The Online Encyclopedia of Wyoming History

Lynching, a Family and the Law

Lynching, a Family and the Law

By Rebecca Hein

Why would a man portrayed as respectable participate in a lynching? For years I didn’t think about this, although the question had been floating in front of me since childhood, when I read and re-read Laura Ingalls Wilder’s “Little House” series.

In 2014, at age 58, I read lawyer/historian John Davis’ WyoHistory.org article on the 1909 Spring Creek Raid, a bloody episode in which seven cattlemen killed three sheep ranchers, kidnapped two others and slaughtered sheep and sheep dogs near Spring Creek south of Ten Sleep, Wyo. This led me to Davis’ book, Goodbye, Judge Lynch. In this book I learned that White-on-White lynchings were common on the American frontier, sometimes even after a criminal justice system had been established.

Defendants in the Spring Creek Raid case outside the Big Horn County Courthouse in Basin, Wyo.. Clockwise from top left: Herb Brink, Ed Eaton, George Saban, Tom Dixon, Milton Alexander. Washakie Museum photo.Davis details the transition from vigilante action to organized, effective law enforcement in Wyoming’s Bighorn Basin. During this transition, honest people apparently mistrusted the developing law enforcement system, and not just in Wyoming. In addition, they improvised their own legal procedures where there were none.

I learned from Wilder’s book, By the Shores of Silver Lake, that when the Ingalls family first came to the future site of DeSmet, S. D., there was no county and therefore no law enforcement. A friend of Charles Ingalls, Robert Boast, needed to collect a debt from a man unlikely to pay unless forced. One of their acquaintances acted as “sheriff” and Pa (Ingalls) drew up the papers. It’s a lighthearted episode, and Boast collected his money.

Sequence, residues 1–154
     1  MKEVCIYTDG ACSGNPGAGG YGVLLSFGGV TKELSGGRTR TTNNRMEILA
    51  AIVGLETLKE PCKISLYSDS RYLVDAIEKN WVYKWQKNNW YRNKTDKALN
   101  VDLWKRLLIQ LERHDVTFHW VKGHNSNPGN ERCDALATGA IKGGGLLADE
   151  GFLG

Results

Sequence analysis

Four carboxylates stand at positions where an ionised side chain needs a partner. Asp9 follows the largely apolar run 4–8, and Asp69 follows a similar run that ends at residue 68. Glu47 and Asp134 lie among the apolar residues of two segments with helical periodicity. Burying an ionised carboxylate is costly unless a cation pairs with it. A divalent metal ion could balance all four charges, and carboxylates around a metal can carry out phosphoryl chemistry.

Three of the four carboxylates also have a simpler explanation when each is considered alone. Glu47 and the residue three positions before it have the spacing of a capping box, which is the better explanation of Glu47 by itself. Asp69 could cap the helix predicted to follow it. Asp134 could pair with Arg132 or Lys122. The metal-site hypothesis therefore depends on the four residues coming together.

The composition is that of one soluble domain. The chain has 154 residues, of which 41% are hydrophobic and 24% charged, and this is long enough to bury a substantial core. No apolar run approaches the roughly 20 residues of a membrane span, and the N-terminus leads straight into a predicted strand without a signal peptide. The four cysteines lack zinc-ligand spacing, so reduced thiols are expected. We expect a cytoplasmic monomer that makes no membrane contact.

Later that year, when the town was being built, settlers were also building on the claims they had filed on that spring.

One day, Pa walked into the Ingalls house in town, announcing, “There’s been a murder.”

“Ma’s eyes opened wide and she caught her breath. She said, ‘Here?’”

“’South of town. … A claim jumper killed Hunter. … [His father] got to Mitchell and brought officers out this morning, and they arrested the fellow. Arrested him!’ Pa said furiously. ‘Hanging’s too good for him. If we’d only known in time!’”

“’Charles,’ Ma said.”

Clearly, Pa intended to help lynch the man, if law enforcement hadn’t intervened and, just as clearly, Ma disapproved. But the full meaning of that exchange between Pa and Ma escaped me until I learned from Davis more about the history of lynching on the American frontier.

Until recently, with the exception of White-on-Black lynchings, I also didn’t think closely about the fact that anyone who participates in a lynching becomes part of a mob, with all that implies. Lynchers—however law-abiding they might be otherwise—violate the right of everyone to a fair trial  and judgment by a jury of their peers. That is, lynchers become themselves criminals, and this would have included Charles Ingalls, had he taken part.